Query Response Cache

It would be really nice if there was an easy way to cache responses to queries.

For example, if we have a collection of rooms that is not frequently updated, it would be helpful if the response could be cached so we don’t have to incur read/lookup/compute operations every time we want to fetch a list of the rooms and their names.

Since there are no webhooks, we cannot use any cache mechanism/gateway over Fauna, as we don’t have a way of knowing when the cache should be invalidated.

One potential approach would be to add a TTL property on mutations/functions, so we could at least cache the responses to an arbitrary duration. But that’s far from optimal. :slight_smile:

Hi @benevr! You should check out Fauna’s temporality features.

It’s possible to poll the collection for only those documents with history after a certain time. This would allow you to check every n seconds/minutes to poll for created/deleted/updated documents without having to poll the whole collection.

The problem is not the size of the dataset being polled, but the actual fact that polling is even required. As long as Fauna is billing its users for every hit to the database (Read/Write/Compute/Etc.) users will need (want) to reduce those hit counts, and one way of doing that is by having a cache over the database.

Hi Benevr,

We have a streaming capability, which allows you to subscribe to a document in Fauna and get notifications when that document is mutated. We plan to expand the streaming capability to get notifications on sets of documents, or updates to entries in an index this year. However, it’s possible that could use the current document streaming capability for your use case. If you have are modeling a fixed set of rooms in something like a single hotel property, it’s possible to contain the state of each of these rooms as a list in a single document, which you then subscribe to with our streaming capability. Changes to any room state within this single document would then trigger an event notification to your application, enabling you to refresh your cache.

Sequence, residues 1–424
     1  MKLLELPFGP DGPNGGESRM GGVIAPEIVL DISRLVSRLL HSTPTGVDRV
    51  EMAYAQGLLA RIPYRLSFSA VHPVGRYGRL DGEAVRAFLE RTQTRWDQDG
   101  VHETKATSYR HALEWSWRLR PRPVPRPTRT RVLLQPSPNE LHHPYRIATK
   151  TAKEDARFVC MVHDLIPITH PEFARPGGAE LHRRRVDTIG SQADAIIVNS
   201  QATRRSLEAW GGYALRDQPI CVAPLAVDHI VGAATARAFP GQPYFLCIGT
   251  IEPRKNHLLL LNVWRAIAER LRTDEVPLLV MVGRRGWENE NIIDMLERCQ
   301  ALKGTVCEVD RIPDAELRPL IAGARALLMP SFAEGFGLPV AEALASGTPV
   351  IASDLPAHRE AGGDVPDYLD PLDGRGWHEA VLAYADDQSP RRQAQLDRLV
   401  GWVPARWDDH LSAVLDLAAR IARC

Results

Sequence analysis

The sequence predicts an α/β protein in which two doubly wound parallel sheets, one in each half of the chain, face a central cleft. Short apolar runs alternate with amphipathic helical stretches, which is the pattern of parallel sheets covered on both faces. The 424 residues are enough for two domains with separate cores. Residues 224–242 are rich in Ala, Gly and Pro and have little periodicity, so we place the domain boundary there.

Of course, I am making a lot of presumptions about your data model, and the pattern of putting multiple objects into a single document should not be taken to an extreme. However, I have worked with folks who successfully modeled their schema in this fashion before. Please take a look at our documentation on Document Streaming at let me know if this works for you. Ping me if you’d like to talk more about future improvements to the streaming feature and I’ll be happy to follow up.

1 Like

Your solution will only work when there’s a local cache. If we have 100 users all fetching a list of available rooms, we would have that many multitudes of hits on the DB, for data that is “static” at this point in time. In order to save these hits on the DB, we would need to proxy the DB behind a caching mechanism, which defeats the purpose of having a serverless DB with an integrated API.

And on top of that, we would need a webhook (a feature I’ve also requested) to know when to invalidate our local cache, so we can fetch the updated list of rooms.

Using streams, BTW, is very inefficient, as we’re keeping an open connection (and paying for the uptime) when 95% of the time there’s no activity on the stream.